Does a Healthy Heart Equal a Healthy Brain?

Disclaimer: Results are not guaranteed*** and may vary from person to person***.

People who have a healthy heart are more likely to have a healthy brain. It makes sense. After all, it’s your heart’s job to pump blood to all the important organs in your body, including your brain.

This common-sense reasoning has been backed up by a recent study. Researchers have found that people with the highest cardiac output for their body size — meaning those with the greatest blood flow from their heart — tend to have more brain volume. And a larger brain volume generally means a healthier brain.

The current study included more than 1,500 people who had participated in the Framingham Offspring Study. Their average age was 61 years, with 54% of the study volunteers being women. The research team excluded anyone with significant heart problems.

The research team noted that 10% of the study participants were smokers, nine percent had diabetes, and 28% had high blood pressure. Each study volunteer had MRI scans taken of their heart and brain to assess their cardiac index and brain volume.

The investigators found that people within the lowest and middle range of cardiac index had significantly lower brain volumes than people who had the highest cardiac index. In fact, the researchers found that people with the lowest cardiac output showed nearly two more years of brain aging than those with the highest cardiac output did. This connection held true even in people who had no known heart disease.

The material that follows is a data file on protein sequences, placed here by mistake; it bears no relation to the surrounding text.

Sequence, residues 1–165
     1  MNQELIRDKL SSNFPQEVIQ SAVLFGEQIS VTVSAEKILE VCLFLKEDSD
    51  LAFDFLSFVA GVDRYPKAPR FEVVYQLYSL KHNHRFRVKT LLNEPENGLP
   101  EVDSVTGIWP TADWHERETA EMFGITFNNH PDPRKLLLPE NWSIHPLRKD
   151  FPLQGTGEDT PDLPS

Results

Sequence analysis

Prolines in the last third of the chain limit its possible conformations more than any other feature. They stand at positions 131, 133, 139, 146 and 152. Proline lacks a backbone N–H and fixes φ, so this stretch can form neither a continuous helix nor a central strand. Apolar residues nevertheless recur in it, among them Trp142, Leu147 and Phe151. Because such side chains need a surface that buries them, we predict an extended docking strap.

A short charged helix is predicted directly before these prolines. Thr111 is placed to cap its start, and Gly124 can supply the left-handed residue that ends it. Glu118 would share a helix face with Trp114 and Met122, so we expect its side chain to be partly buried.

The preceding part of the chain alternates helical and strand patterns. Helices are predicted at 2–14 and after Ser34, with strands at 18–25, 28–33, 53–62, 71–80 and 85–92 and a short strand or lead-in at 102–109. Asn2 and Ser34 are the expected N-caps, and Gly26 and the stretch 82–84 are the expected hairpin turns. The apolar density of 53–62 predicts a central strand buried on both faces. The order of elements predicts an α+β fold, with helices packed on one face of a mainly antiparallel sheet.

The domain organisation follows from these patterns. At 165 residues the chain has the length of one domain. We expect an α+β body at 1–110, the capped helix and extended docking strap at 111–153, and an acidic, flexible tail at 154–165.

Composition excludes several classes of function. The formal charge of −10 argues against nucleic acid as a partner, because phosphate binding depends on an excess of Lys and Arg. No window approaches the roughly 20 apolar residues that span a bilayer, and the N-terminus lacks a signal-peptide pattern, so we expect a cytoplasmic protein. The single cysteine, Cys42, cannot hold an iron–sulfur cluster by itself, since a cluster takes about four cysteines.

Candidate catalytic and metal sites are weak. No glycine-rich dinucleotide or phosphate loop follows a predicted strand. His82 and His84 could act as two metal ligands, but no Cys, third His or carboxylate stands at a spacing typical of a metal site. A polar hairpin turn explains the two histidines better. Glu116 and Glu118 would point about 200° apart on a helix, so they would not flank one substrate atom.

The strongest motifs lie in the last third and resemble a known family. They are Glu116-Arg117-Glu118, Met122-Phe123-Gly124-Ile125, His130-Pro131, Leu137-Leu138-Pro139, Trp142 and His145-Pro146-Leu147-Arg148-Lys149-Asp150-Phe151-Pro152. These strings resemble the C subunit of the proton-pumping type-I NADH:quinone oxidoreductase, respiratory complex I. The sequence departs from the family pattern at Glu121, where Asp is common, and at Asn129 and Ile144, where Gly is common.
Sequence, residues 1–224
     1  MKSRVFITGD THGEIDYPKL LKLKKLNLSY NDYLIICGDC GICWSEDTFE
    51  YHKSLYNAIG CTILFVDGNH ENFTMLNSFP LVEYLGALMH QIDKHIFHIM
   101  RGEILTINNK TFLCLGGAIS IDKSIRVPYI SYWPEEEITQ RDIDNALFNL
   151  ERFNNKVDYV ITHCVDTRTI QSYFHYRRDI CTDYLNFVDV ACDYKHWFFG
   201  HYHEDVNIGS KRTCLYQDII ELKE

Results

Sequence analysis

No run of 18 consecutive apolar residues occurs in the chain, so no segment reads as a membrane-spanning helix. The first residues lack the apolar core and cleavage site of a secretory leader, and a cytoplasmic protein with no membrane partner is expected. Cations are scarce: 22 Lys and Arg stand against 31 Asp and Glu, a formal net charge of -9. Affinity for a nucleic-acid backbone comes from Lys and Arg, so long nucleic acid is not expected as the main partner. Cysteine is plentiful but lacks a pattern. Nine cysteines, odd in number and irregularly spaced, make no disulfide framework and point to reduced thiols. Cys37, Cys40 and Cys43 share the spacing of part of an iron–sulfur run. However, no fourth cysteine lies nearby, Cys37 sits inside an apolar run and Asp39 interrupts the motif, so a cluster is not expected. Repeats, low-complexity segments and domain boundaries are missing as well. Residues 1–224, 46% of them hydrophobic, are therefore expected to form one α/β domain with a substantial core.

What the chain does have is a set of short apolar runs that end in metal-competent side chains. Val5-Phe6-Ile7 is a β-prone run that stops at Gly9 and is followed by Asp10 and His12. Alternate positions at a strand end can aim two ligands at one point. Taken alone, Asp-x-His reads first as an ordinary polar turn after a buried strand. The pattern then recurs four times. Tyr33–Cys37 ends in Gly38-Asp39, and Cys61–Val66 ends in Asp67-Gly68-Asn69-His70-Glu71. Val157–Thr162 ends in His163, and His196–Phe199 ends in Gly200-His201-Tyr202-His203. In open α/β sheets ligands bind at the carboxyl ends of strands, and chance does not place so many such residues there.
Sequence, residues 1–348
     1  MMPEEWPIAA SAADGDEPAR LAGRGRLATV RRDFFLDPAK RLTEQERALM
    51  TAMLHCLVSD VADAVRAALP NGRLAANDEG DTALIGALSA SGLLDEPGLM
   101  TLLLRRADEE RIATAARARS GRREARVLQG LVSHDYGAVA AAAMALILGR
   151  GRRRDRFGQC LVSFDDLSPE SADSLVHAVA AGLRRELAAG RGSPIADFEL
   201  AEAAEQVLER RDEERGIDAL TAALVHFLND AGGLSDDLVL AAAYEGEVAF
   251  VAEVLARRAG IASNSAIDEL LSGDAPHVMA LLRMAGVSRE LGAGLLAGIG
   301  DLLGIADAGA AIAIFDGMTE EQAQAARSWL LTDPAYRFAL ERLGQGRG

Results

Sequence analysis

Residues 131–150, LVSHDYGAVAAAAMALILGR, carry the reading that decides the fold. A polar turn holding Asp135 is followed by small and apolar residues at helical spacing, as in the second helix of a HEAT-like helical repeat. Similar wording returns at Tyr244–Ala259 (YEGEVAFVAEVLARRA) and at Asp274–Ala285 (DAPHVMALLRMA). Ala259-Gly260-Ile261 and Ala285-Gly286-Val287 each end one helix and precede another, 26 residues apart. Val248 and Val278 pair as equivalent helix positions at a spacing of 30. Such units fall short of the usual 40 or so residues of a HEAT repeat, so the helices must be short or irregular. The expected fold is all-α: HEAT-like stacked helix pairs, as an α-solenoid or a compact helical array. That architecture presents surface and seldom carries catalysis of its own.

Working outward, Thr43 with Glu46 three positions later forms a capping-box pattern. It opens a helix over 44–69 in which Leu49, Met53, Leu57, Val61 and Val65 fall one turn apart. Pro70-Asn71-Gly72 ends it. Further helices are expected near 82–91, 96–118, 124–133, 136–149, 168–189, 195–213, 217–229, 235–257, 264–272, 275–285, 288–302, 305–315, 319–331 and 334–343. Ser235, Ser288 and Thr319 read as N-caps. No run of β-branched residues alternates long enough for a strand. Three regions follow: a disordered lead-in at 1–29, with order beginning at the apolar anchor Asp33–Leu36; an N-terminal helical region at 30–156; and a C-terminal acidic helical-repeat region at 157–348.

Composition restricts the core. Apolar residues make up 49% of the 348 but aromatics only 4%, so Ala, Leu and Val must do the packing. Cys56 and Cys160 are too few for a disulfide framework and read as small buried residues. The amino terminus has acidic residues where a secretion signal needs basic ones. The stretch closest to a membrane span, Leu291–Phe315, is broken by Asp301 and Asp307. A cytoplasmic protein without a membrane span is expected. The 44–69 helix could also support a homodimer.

The researchers were a little confused by the results in the middle range. As the cardiac index improved, they expected to see the brain volume improve as well, but that turned out not to be the case. They didn’t expect the middle group — with normal cardiac index values — to have decreased brain volume.

The research team also found that the beneficial association between cardiac index and brain volume was strongest in people under 60 years old. They suggested that one reason for this finding may be that as people get older, they have more competing brain health factors, such as the development of dementia.

The researchers speculated that, just as someone’s weight, blood pressure and cholesterol can be measured to assess their heart disease risk, cardiac index and brain volume can also be measured to indicate brain health.

They concluded that controlling your heart disease risk factors by exercising regularly, eating right, maintaining a healthy weight, not smoking and managing high blood pressure, cholesterol and diabetes could lead to better heart AND brain health.

Yet more motivation to live a heart-healthy lifestyle — it could keep your brain healthy, too, and help you to avoid some pretty serious and devastating complications, like dementia.

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